on the proper livelihood of the literary artist

In my last post I talked about how the e-book revolution, despite the high level of automation that it is bringing to the publishing process, has multiplied the labor of authors by giving them more tasks to do. Since this is the opposite of the division of labor, which, according to Adam Smith, is responsible for all the wealth ever created by humans, we have to expect that, all other things being equal, it is a wealth-sapping process for the author. For whenever we change tasks, there is a loss of productivity.

But all of this concerns the writer as a producer—as an industrial or commercial phenomenon. All of the author-help sites and tools out there assume that the author’s primary goal is to make money, and so all of the advice is geared in that direction. But this is to ignore that historically, writing and publishing have not been primarily about business. Yes, it does cost money to write, publish, and distribute a book, even an e-book, but there remains the fact that writing and publishing are cultural activities: they are, I would say, still the primary means for the dissemination of ideas, and, in the case of poetic works, they constitute a form of fine art (literature, after all, was one of the seven classical fine arts). This means that writing and publishing do not and should not fall entirely under the laws and norms of commerce. Their value is not merely a commercial value.

The literary artist or scholar falls outside the bounds of conventional economic calculation. Ludwig von Mises, in his Human Action, says:

A painter is a businessman if he is intent upon making paintings which could be sold at the highest price. A painter who does not compromise with the taste of the buying public and, disdaining all unpleasant consequences, lets himself be guided solely by his own ideals is an artist, a creative genius.

And what goes for painters goes for authors of literary works. This is why the “profession” of artist has always been known as impecunious. And indeed the same might be said of scholars—those other authors who produce works for reasons not connected with revenue. I recall reading in Don Quixote that “scholar” and “pauper” were virtual synonyms. The observation goes back much further than that; consider these lines from Ecclesiastes:

Again I saw that under the sun the race is not to the swift, nor the battle to the strong, nor bread to the wise, nor riches to the intelligent, nor favor to the men of skill; but time and chance happen to them all.

We all need a livelihood, but the more that an artist is focused on gaining a livelihood from his art, the less of an artist he is. And hence the proverbial poverty of the starving artist.

What’s an artist—including a literary artist—to do? I have no answer. My own feeling is that the proper and best means of living for an artist is via patronage: to receive a living from one or more patrons who believe in one’s work. Harriet Shaw Weaver acted as a patron to James Joyce when he wrote Finnegans Wake, a work that surely could never have seen the light of day if purely commercial considerations had prevailed. Such a relationship can still be precarious, for patrons can themselves be vulgar and fickle. But the relationship is still an honest and voluntary one, which means that it is fitting for free people.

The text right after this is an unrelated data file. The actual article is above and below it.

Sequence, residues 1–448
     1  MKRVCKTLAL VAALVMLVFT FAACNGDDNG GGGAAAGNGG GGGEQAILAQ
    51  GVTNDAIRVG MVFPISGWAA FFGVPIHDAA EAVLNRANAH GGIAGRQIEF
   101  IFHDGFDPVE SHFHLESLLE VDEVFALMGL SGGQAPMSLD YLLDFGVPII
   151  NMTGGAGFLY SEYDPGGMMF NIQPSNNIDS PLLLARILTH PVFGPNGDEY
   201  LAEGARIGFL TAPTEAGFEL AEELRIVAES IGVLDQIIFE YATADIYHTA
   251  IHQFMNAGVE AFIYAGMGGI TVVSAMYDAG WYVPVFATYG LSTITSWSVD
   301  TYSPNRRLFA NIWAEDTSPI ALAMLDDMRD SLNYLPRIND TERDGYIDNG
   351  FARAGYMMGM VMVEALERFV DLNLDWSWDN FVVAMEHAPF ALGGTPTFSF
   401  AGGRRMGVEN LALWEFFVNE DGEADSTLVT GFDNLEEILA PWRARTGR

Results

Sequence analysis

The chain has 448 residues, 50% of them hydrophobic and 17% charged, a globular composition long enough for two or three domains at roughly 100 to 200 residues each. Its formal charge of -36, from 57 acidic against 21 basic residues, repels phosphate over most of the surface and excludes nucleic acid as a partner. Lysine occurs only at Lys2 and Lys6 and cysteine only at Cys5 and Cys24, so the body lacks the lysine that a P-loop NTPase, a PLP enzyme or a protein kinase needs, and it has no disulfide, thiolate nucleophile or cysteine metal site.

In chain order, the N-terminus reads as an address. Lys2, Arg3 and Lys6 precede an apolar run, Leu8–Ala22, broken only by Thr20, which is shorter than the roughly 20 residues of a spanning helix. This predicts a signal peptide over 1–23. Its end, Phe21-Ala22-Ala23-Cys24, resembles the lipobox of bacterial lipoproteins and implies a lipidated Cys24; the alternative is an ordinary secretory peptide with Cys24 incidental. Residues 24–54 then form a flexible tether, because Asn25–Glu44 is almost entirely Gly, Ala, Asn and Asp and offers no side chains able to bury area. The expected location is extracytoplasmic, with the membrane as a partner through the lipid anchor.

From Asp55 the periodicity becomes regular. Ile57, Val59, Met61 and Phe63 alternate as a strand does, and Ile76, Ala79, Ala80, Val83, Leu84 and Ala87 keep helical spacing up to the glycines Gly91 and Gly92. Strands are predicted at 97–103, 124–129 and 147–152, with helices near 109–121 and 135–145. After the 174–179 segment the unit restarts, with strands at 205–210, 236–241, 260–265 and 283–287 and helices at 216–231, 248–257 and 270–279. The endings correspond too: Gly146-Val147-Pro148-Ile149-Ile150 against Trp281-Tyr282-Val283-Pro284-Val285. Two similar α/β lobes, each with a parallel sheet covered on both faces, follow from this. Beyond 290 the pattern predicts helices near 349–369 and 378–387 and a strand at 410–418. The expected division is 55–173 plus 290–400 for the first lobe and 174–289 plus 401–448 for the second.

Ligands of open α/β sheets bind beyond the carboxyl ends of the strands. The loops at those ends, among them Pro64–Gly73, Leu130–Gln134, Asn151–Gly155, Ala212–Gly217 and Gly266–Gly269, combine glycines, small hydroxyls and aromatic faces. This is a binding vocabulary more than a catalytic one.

When I was growing up, and maybe even to some extent still, governments acted as patrons or financiers of the arts. But this is a much less satisfactory situation, I think, not only because favoritism and corruption enter so easily into political decisions, but because supporting artists—or buying art—is not the proper business of any government. At bottom it’s not right for a government to use its coercive power to extract the earnings of some people, and hand these to other people, such as artists, whom the tax-paying citizen might never want to support.

Whatever we might think of the taste of a patron, the money is his own to give away if he chooses, and that makes his transactions with the artist pure and blameless.

Am I soliciting patronage? Not directly (although if you’re interested in helping to fund a literary artist, let’s talk). Currently I’m supplementing begging and borrowing with earning. All of which takes time. Which in turn brings me back to the multiplication of labor. I do so many things now besides writing that I wonder whether my lifespan will be enough to produce some actual work. Luckily, many people are living a long time now; I just have to hope that I’m one of them.

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2 Responses to on the proper livelihood of the literary artist

  1. K. Raphael Perez says:

    Wonderful. A courageous explanation that writers should take to heart. They are too often browbeaten in our culture into making disingenuous excuses for their lack of material success, and troubled by tags such as “hack writer,” and “sell-out.” Now, would you Paul, consider a section on ‘the reluctant working spouse-patron of the literary artist: when the breakfast dishes remain in the sink, and the cat-box has not been emptied, another great chapter has been written.’

  2. Paul Vitols says:

    My courage extends only so far.

    Thanks for taking the time to comment, K. Raphael.

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